Original US release date: October 5, 1949
Production budget: Unavailable
Worldwide gross: Unavailable
Disney changed the world of entertainment upon its release of the first-ever feature-length animated film, Snow White and the Seven Dwarfs in 1937. Their momentum (both creatively and financially) continued from there, with Pinocchio, Fantasia, Dumbo, and then Bambi in 1942. They were unstoppable. Or so it seemed.
Disney was stopped. They were stopped by World War II. Many of their animators were drafted into the war, which made producing additional feature-length animated films exceedingly difficult. To top it off, Disney was also hired by the government to produce war-related propaganda films, further stretching their resources. As a result, the Mouse House was forced to cease production on feature-length animated movies and decided instead to release a series of “package films” that were comprised of shorter animated stories that, combined, reached something approximating feature-length.
Before the war interfered with Disney’s daily operations, a feature-length adaptation of Kenneth Grahame’s The Wind in the Willows had already begun production. When Disney lost many of their animators, production ceased. Years later, it was determined that it would be best to include it in a package film along with an adaptation of Washington Irving’s The Legend of Sleepy Hollow. This eventually led to The Adventures of Ichabod and Mr. Toad, the final package film before Disney resumed business as usual.
The Wind in the Willows kicks the film off and it’s a harmless enough affair. Narrated by the great Basil Rathbone, Thaddeus Toad is an eccentric and wealthy toad obsessed with buying a “motor car” and in his haste, ends up purchasing a stolen vehicle which leads to his arrest. His friends (a group of other assorted anthropomorphic animals) must then band together to clear Toad’s name in a court of law.
There is a healthy number of characters here and not much time to spend with them, but it’s pretty fun while it lasts. Toad, himself, is appropriately bonkers, establishing an interesting contrast when compared to his prim and proper compatriots. He’s the quintessential crazy millionaire who constantly has to explain and apologize for his actions.
Meanwhile, his friends continue to stand by his side and, as he never really does any harm, they never fail to accept him fully for who he is. This idea is the ultimate takeaway from this half of the film and it’s pretty difficult to miss. Nobody is perfect so don’t abandon your friends when they screw up. It’s a nice little message for a nice little story.
The second half of the film, Disney’s adaptation of The Legend of Sleepy Hollow, is by far the better and more-fondly-remembered segment of the two. The story is entirely narrated and sung by the legendary Bing Crosby and tells the tale of the new teacher in the town of Sleepy Hollow, Ichabod Crane. Ichabod is a ladies’ man (and teachers get all the ladies, believe me) who falls for the lovely Katrina (a dead-ringer for Cinderella in the face and Jessica Rabbit in the body). Yet, Ichabod has competition for Katrina in the form of super-stud Brom Bones (think the progenitor of Gaston from Beauty and the Beast) and a love triangle forms, culminating in an intense series of events on Halloween night.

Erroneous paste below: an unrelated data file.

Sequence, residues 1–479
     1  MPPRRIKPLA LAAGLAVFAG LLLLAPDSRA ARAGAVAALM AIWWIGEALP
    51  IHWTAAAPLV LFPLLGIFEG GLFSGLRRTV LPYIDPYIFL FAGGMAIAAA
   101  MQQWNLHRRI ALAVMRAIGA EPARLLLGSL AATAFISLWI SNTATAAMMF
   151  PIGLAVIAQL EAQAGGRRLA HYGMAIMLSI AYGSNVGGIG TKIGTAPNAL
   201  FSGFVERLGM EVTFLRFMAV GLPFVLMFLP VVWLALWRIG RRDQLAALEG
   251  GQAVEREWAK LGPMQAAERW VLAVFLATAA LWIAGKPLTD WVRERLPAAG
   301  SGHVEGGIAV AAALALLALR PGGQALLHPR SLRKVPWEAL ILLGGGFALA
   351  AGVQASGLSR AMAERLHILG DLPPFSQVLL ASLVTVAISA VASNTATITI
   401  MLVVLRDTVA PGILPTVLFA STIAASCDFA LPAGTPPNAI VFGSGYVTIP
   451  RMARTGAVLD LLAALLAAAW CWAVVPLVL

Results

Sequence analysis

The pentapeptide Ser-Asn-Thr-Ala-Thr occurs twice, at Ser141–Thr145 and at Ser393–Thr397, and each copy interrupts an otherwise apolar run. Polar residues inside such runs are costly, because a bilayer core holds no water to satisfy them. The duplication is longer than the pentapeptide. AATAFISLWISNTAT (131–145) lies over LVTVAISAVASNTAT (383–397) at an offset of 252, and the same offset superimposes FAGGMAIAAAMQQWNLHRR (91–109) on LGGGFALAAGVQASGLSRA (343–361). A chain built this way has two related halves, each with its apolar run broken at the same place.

This adaptation has retained its popularity throughout the decades and is pretty much regarded as a classic. It’s easy to see why, with great animation and character designs, Bing Crosby’s smooth sounds, and a celebrated closing sequence that plays out perfectly with a shocking consequence for a Disney animated story. Those last ten minutes have kept this film in the public consciousness since 1949 and, while it all hinges on a pretty strong coincidence, it’s still a beautifully crafted piece of work that lives up to its reputation.
The Adventures of Ichabod and Mr. Toad isn’t Disney’s most well-known feature, but it’s the best one that came out of the package film era. Though most viewers will just want to get to the Sleepy Hollow segment, the Wind in the Willows adaptation has its charms, as well, and exists perfectly fine on its own merits. The film as a whole may also serve as a good testing ground for what a child might think about horror stories as Sleepy Hollow of course has those elements but in a toned down form, albeit with consequences that might necessitate some explanations for children who are especially young.
Nonetheless, while it isn’t the first animated feature that one should go out of their way to see, The Adventures of Ichabod and Mr. Toad is a unique bit of Disney history that has managed to remain relevant after nearly sixty years. It’s definitely worth a glance and the final ten minutes are the stuff of legend.
Follow us on Facebook!